The Sonic Youth influence is palpable on Between The Times And The Tides, but it’s on the periphery. Ranaldo and his crack crew of “sonic” pranksters deftly find the smaller spaces in the songs to paint with a full palette of blips, squeaks, squawks and squeals. Where Sonic Youth can gleefully run amok in this department, Between The Times And The Tides picks its spots for weirdness with impeccable restraint. The ear is invited to bend and smile at Ranaldo’s experimental choices as they work solely to service the songs.
From the first notes, “Waiting On a Dream” pulls from the Sonic Youth playbook as it builds and explodes with Shelley’s sinewy, steady pulse, Menken’s driving bass and Ranaldo’s signature riffage. “Off The Wall” has an alt-pop sensibility with an infectious hook that reminds us Lee Ranaldo was Ryan Adams twenty years before Ryan Adams. “Xtina as I Knew Her” breathes with Ranaldo’s penchant for spooky chord structures and remote tunings. “Angles” is a punch in the face with a racecar tempo, sexy progressions and just a touch of dissonance that recalls balls-out Sonic Youth rockers like “Sunday” and “Sacred Trickster.” “Hammer Blows” is a true departure, hinting at the pristine melancholy of Stephen Stills’ solo work with warm fingerpicking and a soulful late night/early morning vocal. Ranaldo’s local nod is “Fire Island (Phases),” which thunders out of the gate with an “All Along the Watchtower”-esque stampede and then breaks into multifaceted themes. “Lost (Plane T Nice)” soars, peaks and then peaks again with wide open Townshend-infused jamming that touches the very tops of the Guitar God Mountains. “Stranded” is an open love letter in a rainbow-tinted glass bottle that might’ve fallen off Pet Sounds, and “Tomorrow Never Comes” is a smart nod to the Beatles in their psychedelic heyday—which is to say it’s a nod to psychedelia—period.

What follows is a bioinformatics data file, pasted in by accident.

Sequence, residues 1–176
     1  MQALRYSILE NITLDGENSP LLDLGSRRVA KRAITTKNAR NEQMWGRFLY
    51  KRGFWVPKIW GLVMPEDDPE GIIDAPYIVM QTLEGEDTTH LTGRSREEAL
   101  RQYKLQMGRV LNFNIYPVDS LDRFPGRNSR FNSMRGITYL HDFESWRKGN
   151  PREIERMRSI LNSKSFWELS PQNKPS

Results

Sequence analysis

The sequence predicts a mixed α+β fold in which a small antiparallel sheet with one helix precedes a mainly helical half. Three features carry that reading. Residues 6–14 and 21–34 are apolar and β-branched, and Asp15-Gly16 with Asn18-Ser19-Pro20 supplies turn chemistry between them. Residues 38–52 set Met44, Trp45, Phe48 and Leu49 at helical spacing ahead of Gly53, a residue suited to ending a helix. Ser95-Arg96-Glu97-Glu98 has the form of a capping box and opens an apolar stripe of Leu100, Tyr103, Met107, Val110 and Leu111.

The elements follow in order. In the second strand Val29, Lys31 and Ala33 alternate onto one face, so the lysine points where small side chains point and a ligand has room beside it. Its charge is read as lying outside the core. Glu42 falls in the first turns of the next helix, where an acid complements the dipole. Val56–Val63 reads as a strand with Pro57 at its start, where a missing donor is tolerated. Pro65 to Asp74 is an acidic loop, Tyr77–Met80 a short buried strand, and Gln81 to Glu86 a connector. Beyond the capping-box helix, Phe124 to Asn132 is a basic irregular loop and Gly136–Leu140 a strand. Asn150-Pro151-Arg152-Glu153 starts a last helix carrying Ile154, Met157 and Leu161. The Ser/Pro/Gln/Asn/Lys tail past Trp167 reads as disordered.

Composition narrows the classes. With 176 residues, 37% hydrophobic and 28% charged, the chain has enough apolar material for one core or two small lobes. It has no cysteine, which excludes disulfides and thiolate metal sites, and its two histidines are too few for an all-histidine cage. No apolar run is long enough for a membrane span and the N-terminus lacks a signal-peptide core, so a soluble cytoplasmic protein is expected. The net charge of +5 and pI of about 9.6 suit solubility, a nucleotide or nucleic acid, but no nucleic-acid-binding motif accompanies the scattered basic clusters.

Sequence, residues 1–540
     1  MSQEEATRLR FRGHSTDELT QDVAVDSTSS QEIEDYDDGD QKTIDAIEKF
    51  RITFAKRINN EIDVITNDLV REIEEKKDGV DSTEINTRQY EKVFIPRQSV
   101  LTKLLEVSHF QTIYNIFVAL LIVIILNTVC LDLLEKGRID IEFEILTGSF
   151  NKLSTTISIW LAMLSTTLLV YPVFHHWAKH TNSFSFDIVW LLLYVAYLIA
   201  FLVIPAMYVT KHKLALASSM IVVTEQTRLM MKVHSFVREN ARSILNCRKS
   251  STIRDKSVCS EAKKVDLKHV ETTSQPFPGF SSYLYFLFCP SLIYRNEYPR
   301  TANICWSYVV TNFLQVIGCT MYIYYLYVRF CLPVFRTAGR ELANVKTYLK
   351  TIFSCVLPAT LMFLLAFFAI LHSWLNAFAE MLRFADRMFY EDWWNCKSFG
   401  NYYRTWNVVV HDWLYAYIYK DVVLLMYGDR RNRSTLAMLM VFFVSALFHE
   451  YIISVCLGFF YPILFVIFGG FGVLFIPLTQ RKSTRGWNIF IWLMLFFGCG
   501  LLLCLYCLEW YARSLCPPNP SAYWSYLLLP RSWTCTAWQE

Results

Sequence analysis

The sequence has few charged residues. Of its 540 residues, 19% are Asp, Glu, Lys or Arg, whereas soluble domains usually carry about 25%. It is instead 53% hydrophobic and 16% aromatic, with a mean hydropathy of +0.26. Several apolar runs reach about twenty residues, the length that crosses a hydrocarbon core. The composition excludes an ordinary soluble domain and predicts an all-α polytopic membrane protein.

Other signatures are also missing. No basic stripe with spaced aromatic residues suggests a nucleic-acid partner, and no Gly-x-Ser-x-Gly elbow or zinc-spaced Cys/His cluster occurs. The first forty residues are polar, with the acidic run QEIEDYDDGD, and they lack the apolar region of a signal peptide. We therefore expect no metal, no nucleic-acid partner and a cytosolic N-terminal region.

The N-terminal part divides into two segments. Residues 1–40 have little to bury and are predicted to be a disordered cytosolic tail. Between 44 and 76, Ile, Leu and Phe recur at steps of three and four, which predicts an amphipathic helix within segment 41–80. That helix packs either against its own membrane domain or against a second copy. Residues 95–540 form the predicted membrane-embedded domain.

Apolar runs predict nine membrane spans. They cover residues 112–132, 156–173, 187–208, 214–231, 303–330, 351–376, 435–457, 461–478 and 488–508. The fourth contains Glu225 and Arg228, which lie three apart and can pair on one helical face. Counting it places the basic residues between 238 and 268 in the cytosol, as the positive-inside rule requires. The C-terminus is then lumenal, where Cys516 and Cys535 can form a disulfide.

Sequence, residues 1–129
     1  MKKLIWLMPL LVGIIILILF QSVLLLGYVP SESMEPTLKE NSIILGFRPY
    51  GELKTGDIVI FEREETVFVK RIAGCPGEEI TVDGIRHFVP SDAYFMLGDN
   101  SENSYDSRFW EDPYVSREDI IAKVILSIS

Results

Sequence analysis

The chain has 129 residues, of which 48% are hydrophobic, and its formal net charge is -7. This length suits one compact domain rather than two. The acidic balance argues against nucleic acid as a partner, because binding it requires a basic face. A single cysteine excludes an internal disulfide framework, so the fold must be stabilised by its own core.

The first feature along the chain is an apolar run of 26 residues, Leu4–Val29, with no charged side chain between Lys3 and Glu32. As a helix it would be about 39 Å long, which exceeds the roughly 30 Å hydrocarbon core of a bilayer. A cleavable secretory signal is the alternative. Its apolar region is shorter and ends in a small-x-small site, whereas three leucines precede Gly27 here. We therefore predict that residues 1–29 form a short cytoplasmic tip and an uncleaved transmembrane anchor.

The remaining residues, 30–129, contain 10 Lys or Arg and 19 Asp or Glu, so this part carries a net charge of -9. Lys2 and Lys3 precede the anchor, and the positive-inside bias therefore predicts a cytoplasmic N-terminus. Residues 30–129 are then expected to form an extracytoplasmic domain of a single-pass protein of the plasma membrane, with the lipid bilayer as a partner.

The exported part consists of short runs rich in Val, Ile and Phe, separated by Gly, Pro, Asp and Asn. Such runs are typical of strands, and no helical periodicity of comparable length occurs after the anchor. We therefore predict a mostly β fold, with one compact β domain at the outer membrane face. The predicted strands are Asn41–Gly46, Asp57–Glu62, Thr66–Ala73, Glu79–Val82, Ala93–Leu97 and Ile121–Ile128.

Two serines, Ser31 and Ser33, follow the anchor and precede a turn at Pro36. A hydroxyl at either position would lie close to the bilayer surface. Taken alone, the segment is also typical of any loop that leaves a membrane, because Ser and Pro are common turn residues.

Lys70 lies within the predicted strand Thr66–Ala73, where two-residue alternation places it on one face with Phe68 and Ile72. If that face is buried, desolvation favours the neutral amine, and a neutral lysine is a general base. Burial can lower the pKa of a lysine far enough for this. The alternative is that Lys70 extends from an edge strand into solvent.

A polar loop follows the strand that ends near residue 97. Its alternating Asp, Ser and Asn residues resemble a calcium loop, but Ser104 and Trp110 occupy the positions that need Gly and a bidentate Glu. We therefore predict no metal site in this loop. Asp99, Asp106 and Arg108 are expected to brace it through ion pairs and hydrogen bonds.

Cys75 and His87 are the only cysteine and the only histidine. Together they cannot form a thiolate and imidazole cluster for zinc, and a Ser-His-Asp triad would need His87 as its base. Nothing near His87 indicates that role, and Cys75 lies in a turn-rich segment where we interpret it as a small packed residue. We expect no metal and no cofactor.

“Shouts” separates itself from the pack with its haunting relevance and, like Between The Times And The Tides as a whole, it emerges, quite literally, as a statement of fear and hope that speaks to the Occupy movement—which Ranaldo extensively observed and documented firsthand as a resident of lower Manhattan.